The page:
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More IT compliance requirements headed your way (NIST 800-171 CUI Security)

By: Dean Dorton | March 18, 2021

The world of cybersecurity is constantly changing. As soon as you feel content with your controls and processes, a new threat arises or new requirements are published. This article summarizes the FSA's recent letter concerning Controlled Unclassified Information (CUI) and the related cybersecurity requirement.

Cybersecurity | Higher Education | Technology

This past December, Federal Student Aid – US Department of Education posted a letter addressing Compliance with CUI and GLBA. CUI stands for Controlled Unclassified Information, and the letter lays out cybersecurity requirements related to CUI. The questions you may be asking are:

  • What makes data CUI?
  • What are the new cybersecurity requirements?
  • Is this the same as GLBA compliance?
  • Is this replacing or in addition to GLBA compliance?
  • Will there be audits and compliance testing for both GLBA and the new cybersecurity requirements?
  • When will this impact my institution?
  • How much more compliance overhead is this going to create?

The December letter has the latest guidance available. Some of the answers to the questions are provided, some are hiding between the lines, and others require an educated guess.

Let’s start off with the easiest question. CUI is anything designated by a federal agency as “CUI” or “Controlled”. If it is not designated, it is not CUI. That the FSA letter was issued means FSA considers student financial aid data as CUI.

The new cybersecurity requirements are NIST 800-171r2. NIST 800-171r2 is a cybersecurity framework that has been adopted in whole by FSA as a set of compliance requirements. They encompass 109 controls that have been mapped to other cybersecurity frameworks, such as ISO, as well as compliance requirements, such as HIPAA.

Next, we can address all the GLBA questions together. From a compliance standpoint, the new cybersecurity requirements appear to be additive to the GLBA requirements. In other words, institutions of higher education  (IHE) will need to comply with both. Fortunately, the silver lining is the amount of overlap between the two. Complying with the new cybersecurity requirements will satisfy all but one of the GLBA requirements.

All IHEs should be compliant by now with FSA GLBA requirements if they are providing financial aid to students. Therefore, all GLBA compliance efforts were worthwhile and not a waste of time. To put it into perspective, if you have performed a GLBA risk assessment and did not use the NIST framework your compliance efforts and overlap with the new cybersecurity requirements resemble the diagram below. If you used a NIST framework for your IT risk assessment the overlap will be larger.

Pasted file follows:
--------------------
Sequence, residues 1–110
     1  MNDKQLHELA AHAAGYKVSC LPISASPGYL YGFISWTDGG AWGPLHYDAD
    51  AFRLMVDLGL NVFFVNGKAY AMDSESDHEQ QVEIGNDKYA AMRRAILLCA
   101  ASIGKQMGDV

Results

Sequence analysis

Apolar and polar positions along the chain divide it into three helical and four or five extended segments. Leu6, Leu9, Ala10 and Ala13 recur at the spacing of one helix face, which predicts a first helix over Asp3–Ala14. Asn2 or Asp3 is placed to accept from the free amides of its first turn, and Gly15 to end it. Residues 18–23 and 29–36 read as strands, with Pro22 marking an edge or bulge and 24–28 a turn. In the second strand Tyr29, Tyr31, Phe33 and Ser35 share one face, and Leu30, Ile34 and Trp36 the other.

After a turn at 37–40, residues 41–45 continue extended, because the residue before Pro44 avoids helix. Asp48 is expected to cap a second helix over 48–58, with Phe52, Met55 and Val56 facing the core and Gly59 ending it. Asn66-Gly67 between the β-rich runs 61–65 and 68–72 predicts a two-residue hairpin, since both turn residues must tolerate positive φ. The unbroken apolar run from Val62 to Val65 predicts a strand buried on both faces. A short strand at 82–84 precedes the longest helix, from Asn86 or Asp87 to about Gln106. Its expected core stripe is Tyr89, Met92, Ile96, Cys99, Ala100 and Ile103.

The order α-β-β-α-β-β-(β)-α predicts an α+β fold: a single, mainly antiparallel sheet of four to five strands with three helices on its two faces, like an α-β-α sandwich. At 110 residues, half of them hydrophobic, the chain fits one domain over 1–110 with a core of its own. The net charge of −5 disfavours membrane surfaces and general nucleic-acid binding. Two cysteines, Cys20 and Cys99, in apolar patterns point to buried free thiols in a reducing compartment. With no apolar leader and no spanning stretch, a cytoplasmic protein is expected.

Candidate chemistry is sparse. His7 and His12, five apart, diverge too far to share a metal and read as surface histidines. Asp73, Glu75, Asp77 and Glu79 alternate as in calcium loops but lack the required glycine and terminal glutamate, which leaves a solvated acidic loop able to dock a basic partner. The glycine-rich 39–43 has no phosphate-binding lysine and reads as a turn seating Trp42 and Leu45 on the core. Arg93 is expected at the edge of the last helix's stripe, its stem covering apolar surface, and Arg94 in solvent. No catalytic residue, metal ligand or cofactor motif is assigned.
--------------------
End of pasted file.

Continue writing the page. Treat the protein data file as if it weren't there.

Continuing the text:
At this point there is not enough information to determine if there will be future audits of compliance like GLBA has, but what the Department of Defense (DoD) has been doing may shed light on this. The DoD has been using a NIST 800-171 self-assessment process for some time. However, due to there not being a reporting requirement or any consequences, the process was ineffective. In 2020 the DoD required a self-assessment with a reporting requirement. At some point between 2021 and 2026, there will be a requirement to have an independent IT audit performed to be certified for compliance. It is not a stretch to think other government agencies will begin adopting this process or something similar. Based on this, the following is what we may see over the course of the next few years.

Based on the timeline above, the new cybersecurity requirements will impact your institution this year by way of a self-assessment. The assessment will be reported to the FSA so they can develop a multi-year phased approach to the new cybersecurity requirements. Hopefully the FSA will provide a portal for submitting the self-assessment and a format for doing so. In the meantime, the following self-assessment tool can be used.

NIST 800-171 Compliance Plan Template

So, the most important question on your list may be, how much work is this going to require? Dean Dorton works with many IHEs and not one of them has extra IT resources to throw at yet another set of compliance requirements. This is going to increase compliance overhead, but following are things that can or will make it an easier pill to swallow.

  • 2021 is just a self-assessment

  • All of the requirements will not hit in a single year

  • You’ve already started if you’ve adopted any of the NIST frameworks

  • This will improve your security program

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